Fast forward to the end of spring break and I have now gone a week without sleeping and my body and my mind are in a constant state of heightened alert. Spending every waking moment expecting to drop dead takes its toll. And still, I kept silent and no one suspected a damn thing. Remember that part about me being a suck-it-upper? But maybe that isn’t the best descriptor, because, yeah, I was sucking it up, but not in a healthy way. It was more like hiding and discrediting myself and writing off my fears and not taking myself or my body seriously. That’s a pretty dangerous and lonely place to live.
I finally decided to tell Michael the day before we left that I was considering going to the local med center because “You know, maybe, there’s this little pain in my leg and maybe it’s a blood clot, but probably not because that would be so stupid and so unlikely. But maybe I should just go to check it out…maybe.”
Of course he was so nice about it. “Yeah, sure babe. Go if you think you need to.”
“Oh naw. It’s so dumb. I’m fine. I’m sure it’s nothing.”
We started our journey home and I should have known that eighteen hours in a small space with nothing to do except focus on my pain and think (and break up fights and feed kids and play the alphabet game) would aggravate my “condition.” I gripped the steering wheel, palms sweaty, heart racing and hemmed and hawed about talking to a doctor. This was so dumb, but I was dying, so…
After we stopped at a hotel for the night, I casually told Michael that I was going to wake up early before the kids and go to a med center in Nashville. I arrived so excited to finally get some help, some assurance, and then realized I forgot my ID at the hotel thirty minutes away. Bye. I took it as a sign to suck it up and went back to the room before anyone knew I was gone. We stopped for lunch near a hospital and I stealthily ran in to see what the wait time was in the ER…it was hours. Ugh. We kept driving and my body kept screaming. Finally, a few hours later, I said the words out loud (well, in a whisper to Michael and very nonchalantly), “I think I need to go to the hospital now. Something is wrong.”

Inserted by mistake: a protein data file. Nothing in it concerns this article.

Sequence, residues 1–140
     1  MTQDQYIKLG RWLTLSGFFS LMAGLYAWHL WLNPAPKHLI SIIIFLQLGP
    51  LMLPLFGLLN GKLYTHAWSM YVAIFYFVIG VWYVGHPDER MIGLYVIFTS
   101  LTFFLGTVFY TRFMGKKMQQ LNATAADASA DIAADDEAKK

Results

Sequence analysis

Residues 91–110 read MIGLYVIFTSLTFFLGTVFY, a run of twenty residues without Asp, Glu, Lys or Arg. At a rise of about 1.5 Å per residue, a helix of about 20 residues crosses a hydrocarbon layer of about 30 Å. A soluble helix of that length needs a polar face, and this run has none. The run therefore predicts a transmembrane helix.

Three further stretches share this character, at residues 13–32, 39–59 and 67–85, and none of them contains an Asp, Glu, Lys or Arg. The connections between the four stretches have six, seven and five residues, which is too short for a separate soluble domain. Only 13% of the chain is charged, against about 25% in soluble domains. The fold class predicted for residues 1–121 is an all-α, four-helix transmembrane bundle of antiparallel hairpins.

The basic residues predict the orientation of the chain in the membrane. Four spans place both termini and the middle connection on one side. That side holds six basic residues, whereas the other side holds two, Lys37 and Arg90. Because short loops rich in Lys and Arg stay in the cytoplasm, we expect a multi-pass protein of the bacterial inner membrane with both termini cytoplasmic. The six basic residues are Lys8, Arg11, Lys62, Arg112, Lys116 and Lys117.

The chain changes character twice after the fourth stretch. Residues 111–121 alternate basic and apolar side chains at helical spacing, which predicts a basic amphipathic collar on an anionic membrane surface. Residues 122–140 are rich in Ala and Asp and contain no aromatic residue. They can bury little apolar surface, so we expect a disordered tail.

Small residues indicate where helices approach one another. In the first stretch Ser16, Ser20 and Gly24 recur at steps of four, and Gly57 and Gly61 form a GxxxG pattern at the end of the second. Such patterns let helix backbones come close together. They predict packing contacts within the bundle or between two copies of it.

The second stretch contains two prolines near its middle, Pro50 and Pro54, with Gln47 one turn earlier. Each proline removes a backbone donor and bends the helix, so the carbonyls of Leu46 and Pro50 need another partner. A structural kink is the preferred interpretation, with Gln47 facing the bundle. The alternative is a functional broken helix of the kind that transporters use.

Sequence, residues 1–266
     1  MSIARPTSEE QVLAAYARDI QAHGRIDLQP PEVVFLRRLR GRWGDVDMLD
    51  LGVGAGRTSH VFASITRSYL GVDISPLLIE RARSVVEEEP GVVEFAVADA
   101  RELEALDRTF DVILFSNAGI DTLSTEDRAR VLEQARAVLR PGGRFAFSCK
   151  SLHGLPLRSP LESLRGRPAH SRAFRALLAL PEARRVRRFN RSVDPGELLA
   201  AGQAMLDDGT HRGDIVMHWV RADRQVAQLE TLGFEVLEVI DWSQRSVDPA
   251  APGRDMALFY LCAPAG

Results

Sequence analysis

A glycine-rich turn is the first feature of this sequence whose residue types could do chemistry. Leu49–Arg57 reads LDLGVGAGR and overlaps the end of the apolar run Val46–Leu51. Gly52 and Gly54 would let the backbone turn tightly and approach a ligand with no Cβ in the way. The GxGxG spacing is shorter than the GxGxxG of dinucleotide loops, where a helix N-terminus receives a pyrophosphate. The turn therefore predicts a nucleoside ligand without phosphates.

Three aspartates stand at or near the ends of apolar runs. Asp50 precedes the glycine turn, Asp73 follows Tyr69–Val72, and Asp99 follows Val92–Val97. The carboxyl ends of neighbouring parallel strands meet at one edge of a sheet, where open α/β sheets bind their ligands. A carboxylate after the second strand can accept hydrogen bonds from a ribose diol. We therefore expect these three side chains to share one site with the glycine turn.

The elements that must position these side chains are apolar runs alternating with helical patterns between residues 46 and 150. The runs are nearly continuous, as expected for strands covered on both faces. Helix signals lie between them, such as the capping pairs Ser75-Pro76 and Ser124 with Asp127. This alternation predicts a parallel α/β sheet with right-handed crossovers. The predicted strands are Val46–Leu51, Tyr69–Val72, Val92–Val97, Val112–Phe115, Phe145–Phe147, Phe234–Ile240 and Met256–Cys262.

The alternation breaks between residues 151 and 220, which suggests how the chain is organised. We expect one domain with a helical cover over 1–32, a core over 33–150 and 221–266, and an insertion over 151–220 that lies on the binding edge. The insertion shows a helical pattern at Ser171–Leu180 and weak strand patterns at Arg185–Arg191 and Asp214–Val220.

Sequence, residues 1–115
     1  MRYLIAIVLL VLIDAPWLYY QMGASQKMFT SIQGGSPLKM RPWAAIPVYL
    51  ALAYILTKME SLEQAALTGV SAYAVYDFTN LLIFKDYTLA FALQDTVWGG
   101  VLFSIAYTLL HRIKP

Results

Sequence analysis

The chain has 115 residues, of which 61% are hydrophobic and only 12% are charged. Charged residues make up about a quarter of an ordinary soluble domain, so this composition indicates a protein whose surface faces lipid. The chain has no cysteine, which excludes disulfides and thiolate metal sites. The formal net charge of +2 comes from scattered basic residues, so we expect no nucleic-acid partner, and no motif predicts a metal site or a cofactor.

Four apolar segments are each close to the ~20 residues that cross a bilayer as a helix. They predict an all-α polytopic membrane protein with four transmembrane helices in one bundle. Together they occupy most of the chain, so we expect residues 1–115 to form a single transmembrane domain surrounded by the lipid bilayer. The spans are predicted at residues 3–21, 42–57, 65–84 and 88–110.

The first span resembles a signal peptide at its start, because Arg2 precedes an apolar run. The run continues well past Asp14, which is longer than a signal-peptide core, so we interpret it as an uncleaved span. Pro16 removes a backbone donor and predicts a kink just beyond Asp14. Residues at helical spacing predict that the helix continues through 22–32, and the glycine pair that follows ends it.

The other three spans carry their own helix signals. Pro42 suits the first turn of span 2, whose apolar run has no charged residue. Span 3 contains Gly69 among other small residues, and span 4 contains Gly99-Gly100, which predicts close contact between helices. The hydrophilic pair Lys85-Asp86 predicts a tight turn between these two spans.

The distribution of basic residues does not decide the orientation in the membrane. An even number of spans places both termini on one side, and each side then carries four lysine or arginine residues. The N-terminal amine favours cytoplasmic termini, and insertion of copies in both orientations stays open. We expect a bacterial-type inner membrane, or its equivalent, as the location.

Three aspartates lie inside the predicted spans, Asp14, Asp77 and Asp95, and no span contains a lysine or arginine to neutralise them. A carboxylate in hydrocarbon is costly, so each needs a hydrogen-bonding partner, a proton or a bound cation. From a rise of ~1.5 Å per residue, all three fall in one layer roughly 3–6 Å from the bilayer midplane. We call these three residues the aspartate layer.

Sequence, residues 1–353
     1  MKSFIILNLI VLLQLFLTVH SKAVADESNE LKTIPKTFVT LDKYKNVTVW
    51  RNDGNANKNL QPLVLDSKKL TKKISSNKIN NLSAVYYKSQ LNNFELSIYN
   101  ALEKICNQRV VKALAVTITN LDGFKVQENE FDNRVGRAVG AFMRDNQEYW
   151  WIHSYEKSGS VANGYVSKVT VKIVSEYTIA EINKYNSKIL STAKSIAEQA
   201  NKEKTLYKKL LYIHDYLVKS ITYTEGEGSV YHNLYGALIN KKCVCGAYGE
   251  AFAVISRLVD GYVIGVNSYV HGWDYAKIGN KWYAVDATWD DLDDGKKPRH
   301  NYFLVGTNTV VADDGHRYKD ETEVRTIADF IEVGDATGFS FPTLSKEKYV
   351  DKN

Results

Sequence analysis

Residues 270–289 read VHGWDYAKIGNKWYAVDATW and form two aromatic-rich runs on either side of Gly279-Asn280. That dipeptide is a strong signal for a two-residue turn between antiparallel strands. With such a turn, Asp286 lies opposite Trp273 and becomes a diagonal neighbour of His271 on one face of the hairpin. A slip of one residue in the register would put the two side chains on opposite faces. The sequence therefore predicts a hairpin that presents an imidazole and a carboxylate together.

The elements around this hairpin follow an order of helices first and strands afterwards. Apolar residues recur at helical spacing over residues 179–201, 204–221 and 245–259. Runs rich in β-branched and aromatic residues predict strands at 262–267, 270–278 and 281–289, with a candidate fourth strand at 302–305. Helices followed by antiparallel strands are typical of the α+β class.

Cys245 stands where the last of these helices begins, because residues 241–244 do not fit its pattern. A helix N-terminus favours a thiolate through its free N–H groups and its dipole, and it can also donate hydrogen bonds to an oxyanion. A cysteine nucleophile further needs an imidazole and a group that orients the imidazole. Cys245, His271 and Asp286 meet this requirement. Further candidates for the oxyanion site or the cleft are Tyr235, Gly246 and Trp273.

Enter Schneck Medical Center. Enter Mary Jo. Enter EKGs and x-rays and ultrasounds and blood work and aspirin and guess what? They couldn’t find a damn thing. Are you surprised? I was shocked. Maybe it was a muscle strain, they weren’t sure. But I knew one thing, I WASN’T DYING. For the first time in days and days and days I could breathe easy. Maybe death wasn’t coming for me today. I jumped and danced and hugged my kids and cried a little and cranked the music in the car. “Mom’s alive and blood clot-free, kids! Let’s get fro-yo!” I drove the rest of the five hours home basking in this rich, physical and existential relief. I guess I had been wrong, a mis(self)diagnosis. I’m sure that’s never happened before!
Then it happened again. I ran up the stairs at home to grab something and my chest burned and I felt dizzy and I couldn’t catch my breath and my leg hurt and WHAT THE HELL WAS HAPPENING? I thought I was OK. The doctors must have missed something. There must be a blood clot in there still and they missed it and now I…really…am…going…to…die. I leaned my head against the wall and tried to steady myself. But my body wouldn’t stop, it wouldn’t settle down.
A few hours later I was sitting in my doctor’s office. The PA ran a bunch of tests and assured me that I didn’t have a blood clot. I felt a little better. Until night came and I…still…couldn’t…breathe. The next day I was back in the doctor’s office, desperate, scared, “dying,” and the same PA grabbed my hand and looked me in the eye and asked me a question that has shaped the last year of my life:
“Do you struggle with anxiety?”
“Ummm…no. I don’t have anxiety. This is real. I’m dying from a real physical problem.”
“Sweetie, I think you’re having a panic attack.”
A panic attack? Me? I’ve never struggled with depression or anxiety or any other mental health issues my whole life long. How could I be having a panic attack? I’m a strong, resilient, suck-it-upper. I don’t panic (except on airplanes or during tornado warnings). I’m not anxious.
I walked into the office that morning certain I was dying of a blood clot. I left with a diagnosis of “acute anxiety” and a prescription for Xanax. Say what?
What happened next? Stay tuned for Part Two: Living With a New Normal.